I am weary of Evangelicals belittling my faith. As a pastor who still believes in the power and importance of Church, I am saddened and frustrated by the hoards leaving the American church – because of the American church.

So … maybe there really is an “us” and a “them.” Maybe there really are two different churches, two different religions. Maybe this is the 500-year moment.

The Repair for Our Ills is Forward Only

The Repair for Our Ills is Forward Only

Last night I spoke to my congregation about having tried to remain mostly silent during this campaign, for fear my thoughts would be viewed as partisan.  But now that the election is over, I want to speak. 

A Letter to my 18-Year-Old Self

A Letter to my 18-Year-Old Self

Hi there.  This is weird, I know, but this is a letter from your 38-year-old self, written twenty years in the future.

I have timed this letter to arrive to you on August 14, 1996, which is a Wednesday during your first full week of classes at the University of Tennessee.  You have a roommate you’re still not sure you can trust, and suite mates you knew from high school that you’re glad to have.  Flip your expectations, buddy.  Let this be the first of many lessons not to judge before you have experience.  

Salvation and the Common Good

Salvation and the Common Good

Why should we ever need to raise charitable funds to educate our children? To buy supplies and provide technology? Even to provide weekend snacks, if lack of nutrition is keeping a child from learning? We ought to want to educate our children, all of them.

It is the common good – even if we have to pay more in taxes to do it. 
 

God Help Us

God Help Us

As 2016 begins I am praying – for a spirit of civility and common sense, for a vision of a future, together, for a sense of peace that must begin within the hearts of the American people. I’m praying because that 2015 year-in-review indicates that our brokenness is so deep and so complete, any real movement to peace will have to come from outside of us.

The Dangers of Radical Islam and Christian Hypocrisy

The Dangers of Radical Islam and Christian Hypocrisy

I’ll be honest. The sight of all those cheering Christians almost brought me to tears. I cannot bear the thought of a so-called “Christian” sanctuary filled with cheers and praise. The pastor says: bomb the hell out of them, just as Jesus said. The people cheer.

Seven Monks and a Baptist Church

Seven Monks and a Baptist Church

In a world of such maddening events, I am proud, honored and humbled that seven Buddhists from the other side of the world, and at least 150 neighbors, from across my own community, were comfortable to come to a Baptist church, sit for an hour, search the silence of their own souls and the strains of ancient, chanting rhythms, in search of peace.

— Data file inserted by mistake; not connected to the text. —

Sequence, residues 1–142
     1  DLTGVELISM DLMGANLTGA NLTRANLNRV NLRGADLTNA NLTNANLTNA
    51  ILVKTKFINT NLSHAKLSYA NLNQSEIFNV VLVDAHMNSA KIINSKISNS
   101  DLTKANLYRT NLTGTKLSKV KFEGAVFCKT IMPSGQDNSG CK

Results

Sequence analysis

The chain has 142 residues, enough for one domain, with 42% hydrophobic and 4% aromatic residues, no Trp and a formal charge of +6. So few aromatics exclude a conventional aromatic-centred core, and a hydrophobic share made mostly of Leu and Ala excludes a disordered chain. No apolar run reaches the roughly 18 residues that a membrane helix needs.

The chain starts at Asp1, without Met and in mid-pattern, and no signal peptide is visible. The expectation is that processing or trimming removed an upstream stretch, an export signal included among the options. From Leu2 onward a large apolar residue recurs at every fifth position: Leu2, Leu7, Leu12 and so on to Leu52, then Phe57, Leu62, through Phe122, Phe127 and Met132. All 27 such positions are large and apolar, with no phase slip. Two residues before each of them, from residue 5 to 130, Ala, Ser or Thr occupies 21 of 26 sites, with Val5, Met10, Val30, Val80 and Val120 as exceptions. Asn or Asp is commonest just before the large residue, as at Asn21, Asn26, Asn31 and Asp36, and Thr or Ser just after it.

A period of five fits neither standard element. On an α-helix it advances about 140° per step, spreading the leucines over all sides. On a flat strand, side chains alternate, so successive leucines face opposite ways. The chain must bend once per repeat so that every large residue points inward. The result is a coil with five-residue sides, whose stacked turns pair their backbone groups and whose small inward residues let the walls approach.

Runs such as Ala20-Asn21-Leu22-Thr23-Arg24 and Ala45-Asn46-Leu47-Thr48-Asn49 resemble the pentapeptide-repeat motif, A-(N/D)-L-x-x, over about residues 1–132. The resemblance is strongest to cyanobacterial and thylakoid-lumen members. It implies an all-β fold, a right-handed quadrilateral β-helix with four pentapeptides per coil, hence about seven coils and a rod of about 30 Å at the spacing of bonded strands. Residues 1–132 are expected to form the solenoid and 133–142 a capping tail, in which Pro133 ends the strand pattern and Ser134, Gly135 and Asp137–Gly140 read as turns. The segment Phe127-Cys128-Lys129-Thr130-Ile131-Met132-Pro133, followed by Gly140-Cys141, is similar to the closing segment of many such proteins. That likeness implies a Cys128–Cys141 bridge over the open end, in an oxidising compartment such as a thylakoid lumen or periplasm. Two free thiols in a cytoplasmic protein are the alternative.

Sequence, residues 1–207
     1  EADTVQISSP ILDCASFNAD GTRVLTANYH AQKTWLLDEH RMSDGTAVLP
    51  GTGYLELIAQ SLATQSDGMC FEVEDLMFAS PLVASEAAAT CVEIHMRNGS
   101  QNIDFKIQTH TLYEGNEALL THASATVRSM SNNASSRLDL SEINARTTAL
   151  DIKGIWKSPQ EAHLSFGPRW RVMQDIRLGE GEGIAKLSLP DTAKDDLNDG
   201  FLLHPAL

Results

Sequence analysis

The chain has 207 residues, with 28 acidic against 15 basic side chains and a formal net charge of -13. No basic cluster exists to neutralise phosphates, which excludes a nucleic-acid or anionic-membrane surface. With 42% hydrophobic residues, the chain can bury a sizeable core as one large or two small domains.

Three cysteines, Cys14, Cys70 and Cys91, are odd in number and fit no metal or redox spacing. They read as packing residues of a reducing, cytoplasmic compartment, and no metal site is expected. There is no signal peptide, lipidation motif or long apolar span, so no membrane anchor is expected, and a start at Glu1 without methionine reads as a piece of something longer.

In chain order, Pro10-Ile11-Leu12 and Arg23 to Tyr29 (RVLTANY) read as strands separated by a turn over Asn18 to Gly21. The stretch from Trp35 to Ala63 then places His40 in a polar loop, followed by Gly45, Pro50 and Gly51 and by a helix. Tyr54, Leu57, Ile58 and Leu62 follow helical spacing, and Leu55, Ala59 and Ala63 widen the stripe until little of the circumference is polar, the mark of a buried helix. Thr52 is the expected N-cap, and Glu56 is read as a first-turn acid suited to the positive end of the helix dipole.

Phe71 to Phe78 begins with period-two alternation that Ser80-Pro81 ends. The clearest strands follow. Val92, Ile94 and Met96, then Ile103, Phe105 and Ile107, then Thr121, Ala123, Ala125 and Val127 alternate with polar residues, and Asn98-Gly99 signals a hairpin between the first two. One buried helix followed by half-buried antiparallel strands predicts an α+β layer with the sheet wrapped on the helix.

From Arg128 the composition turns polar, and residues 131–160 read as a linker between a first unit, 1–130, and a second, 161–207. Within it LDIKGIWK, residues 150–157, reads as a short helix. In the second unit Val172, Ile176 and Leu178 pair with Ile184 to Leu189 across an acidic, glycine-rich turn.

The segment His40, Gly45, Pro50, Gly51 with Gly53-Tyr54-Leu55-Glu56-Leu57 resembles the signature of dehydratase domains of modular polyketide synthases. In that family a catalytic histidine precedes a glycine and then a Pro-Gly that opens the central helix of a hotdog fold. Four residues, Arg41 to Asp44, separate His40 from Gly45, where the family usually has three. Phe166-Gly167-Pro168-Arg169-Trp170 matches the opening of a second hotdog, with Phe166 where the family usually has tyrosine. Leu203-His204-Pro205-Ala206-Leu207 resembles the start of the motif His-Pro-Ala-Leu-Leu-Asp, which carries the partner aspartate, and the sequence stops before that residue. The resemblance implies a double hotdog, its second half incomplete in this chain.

Maybe Starbucks is Not the Problem

Maybe Starbucks is Not the Problem

Since when are secular companies, practicing competitive business in a free market society supposed to speak for the Church?  Is that what Christians really want?  And would that actually “put Christ into Christmas” – or just make him another commodity, traded on the Market?

The Gospel Will Always be a Threat to Power

The Gospel Will Always be a Threat to Power

So today, governments are afraid of preachers, because the Gospel has always been a political narrative.  You only have to read the critiques by U.S. politicians and pundits of Pope Francis's comments on climate change and income inequality to understand the truth of this assertion.

Kim Davis:  Blinded by Belief

Kim Davis: Blinded by Belief

So bless Mrs. Davis for her conviction.  But as we say in the South “bless her heart.” Once again religion has blinded the religious from seeing that God has “more truth yet” to shine on us (John Robinson). And thanks be to God for a secular democracy – unbearably slow though it sometimes is.

My Response to the Response

My Response to the Response

Clearly, a great many people share my concerns and yearn for a more positive, inclusive, and compassionate voice from The Church. It makes me sad that this is such a pervasive sentiment.

He is Risen!   So What?

He is Risen! So What?

 I can’t think of a better Easter message than to decide to accept all people as children of God.  Period.  God is the God of all.  That is the Easter message.  But are we ready to go from Easter service living like we believe it?